Stress eating


Stress is an inevitable part of life. It is never going to go away and when we accept that and figure out how to manage it, we make better choices.

Did you know that stress actually releases a hormone that can cause us to crave food? Cortisol is released when we are feeling stressed or overwhelmed and we get the euphoric feeling after eating salty, sugary or high-fat foods. The problem is that after we come down from that feeling of euphoria, the same stress is still there. And so the cycle continues.

Not only does cortisol lead us to make unhealthy food choices, it can also lead to increased blood pressure, heart disease, high cholesterol and a number of other health issues (including weight gain).

If you tend to eat when you are stressed, here are some tips to help you make a better choice:

  1. Take 5 minutes to focus on breathing. Sit somewhere quiet. Close your eyes. Listen to your breath and feel your chest and belly rise and fall with each inhale and exhale. Breath “between the eyes”.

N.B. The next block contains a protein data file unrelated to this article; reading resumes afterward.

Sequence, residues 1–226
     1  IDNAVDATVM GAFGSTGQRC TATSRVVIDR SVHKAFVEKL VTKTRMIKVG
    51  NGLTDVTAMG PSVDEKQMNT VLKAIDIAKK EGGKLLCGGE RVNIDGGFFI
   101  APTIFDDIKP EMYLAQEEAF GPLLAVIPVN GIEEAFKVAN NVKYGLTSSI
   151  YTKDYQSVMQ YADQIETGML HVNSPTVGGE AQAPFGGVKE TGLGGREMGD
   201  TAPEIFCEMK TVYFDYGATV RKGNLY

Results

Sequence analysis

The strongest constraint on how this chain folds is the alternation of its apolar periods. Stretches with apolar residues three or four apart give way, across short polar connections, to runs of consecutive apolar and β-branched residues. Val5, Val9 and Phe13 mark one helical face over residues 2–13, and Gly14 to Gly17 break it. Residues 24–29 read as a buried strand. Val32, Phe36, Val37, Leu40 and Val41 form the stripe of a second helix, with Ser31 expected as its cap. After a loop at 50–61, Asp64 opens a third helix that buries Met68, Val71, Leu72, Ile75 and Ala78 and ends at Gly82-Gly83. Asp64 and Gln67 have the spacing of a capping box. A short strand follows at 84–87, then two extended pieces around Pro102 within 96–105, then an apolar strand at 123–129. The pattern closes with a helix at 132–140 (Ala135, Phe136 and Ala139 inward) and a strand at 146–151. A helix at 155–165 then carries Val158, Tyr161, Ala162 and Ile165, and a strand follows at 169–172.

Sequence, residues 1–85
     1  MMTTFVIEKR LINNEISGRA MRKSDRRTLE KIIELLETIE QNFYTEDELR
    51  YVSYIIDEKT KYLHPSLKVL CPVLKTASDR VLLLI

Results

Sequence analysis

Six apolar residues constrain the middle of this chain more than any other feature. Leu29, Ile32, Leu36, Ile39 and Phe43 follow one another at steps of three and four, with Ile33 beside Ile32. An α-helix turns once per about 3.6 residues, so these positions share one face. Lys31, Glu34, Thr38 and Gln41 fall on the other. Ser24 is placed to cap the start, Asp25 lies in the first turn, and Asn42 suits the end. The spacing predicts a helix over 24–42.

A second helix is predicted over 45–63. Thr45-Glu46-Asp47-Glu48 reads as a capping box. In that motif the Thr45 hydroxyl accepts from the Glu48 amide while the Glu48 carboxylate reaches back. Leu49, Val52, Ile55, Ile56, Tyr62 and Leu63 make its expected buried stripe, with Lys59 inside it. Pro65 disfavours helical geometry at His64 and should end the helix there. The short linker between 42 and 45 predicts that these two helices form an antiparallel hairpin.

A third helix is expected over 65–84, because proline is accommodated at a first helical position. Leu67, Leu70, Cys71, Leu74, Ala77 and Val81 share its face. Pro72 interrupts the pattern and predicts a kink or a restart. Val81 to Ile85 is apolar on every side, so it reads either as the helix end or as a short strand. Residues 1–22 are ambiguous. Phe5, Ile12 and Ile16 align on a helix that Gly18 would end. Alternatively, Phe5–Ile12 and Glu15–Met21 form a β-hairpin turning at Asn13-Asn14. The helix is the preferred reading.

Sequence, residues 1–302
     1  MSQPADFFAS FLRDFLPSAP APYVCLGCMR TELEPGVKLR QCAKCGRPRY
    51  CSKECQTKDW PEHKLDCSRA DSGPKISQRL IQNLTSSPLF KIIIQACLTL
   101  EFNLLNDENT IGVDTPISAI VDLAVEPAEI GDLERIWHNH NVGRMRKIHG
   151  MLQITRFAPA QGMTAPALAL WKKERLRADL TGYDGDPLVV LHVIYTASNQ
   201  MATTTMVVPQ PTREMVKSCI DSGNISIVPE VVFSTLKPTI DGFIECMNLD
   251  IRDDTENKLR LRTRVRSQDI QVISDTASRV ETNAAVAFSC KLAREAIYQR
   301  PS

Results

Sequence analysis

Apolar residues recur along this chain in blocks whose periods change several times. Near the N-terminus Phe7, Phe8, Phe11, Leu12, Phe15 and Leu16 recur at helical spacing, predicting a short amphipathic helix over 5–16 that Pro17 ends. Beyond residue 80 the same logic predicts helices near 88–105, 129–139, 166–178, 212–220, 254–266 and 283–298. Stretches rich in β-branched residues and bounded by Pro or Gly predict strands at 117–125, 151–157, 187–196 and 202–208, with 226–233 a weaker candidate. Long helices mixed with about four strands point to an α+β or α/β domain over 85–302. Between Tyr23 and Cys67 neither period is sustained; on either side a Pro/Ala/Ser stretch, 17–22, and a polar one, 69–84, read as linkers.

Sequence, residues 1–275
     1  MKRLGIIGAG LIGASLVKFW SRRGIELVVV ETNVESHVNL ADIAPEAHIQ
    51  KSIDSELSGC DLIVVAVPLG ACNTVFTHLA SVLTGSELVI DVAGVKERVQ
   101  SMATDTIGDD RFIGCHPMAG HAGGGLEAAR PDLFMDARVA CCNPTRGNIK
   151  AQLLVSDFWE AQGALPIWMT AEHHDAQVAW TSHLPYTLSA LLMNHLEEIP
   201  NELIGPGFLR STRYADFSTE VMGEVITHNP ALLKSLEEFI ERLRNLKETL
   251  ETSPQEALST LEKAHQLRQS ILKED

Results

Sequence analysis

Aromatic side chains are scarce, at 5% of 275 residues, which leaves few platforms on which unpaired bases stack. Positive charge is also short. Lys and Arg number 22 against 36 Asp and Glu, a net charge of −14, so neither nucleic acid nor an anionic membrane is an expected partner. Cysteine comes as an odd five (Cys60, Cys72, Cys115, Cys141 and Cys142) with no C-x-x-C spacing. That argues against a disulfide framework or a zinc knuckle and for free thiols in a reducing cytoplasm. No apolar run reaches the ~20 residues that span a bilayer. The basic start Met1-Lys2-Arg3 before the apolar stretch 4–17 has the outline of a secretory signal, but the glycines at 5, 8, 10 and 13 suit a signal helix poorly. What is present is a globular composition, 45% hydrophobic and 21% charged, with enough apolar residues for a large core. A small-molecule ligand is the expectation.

2. If it helps and you are able to do so, try some gentle yoga positions such as downdog or child’s pose.
  3. Write about your stress and determine if there is a way you can reduce the amount of stress in your life. Remember… STRESS IS A PART OF LIFE!! There is no way to get rid of it completely. So finding an alternative to emotional eating that works for you is key to success.
  4. Go for a walk or find some form of exercise. Regular exercise helps keep those cortisol levels down, as well.
  5. Turn on some music and, if you wish, dance! Listening to your favorite music lowers cortisol. Let the music fit your mood. Cry if you need to!
  6. Call a friend. Talking to others helps reduce our stress level. It also gives you a chance to move away from the food scene and get out your frustrations.
  7. Write a letter. This one I have found to be extremely beneficial when I’m upset with someone. I can write whatever feelings down that I am experiencing without having guilt attached to it. I don’t send the letter… it just allows me to get the emotions on paper so I can visually see what is going on. I frequently have had clients do this and they find it extremely cathartic. You may be surprised to find there is more going on than you thought.
  8. Ask for help. Tough sometimes; but if you need help, get it. Pleanuts-worry-cartoon

The next time you find yourself at the fridge or snack cabinet, take some time to journal, breath and explore your true emotions. Figure out what is going on and what your alternative to food is.


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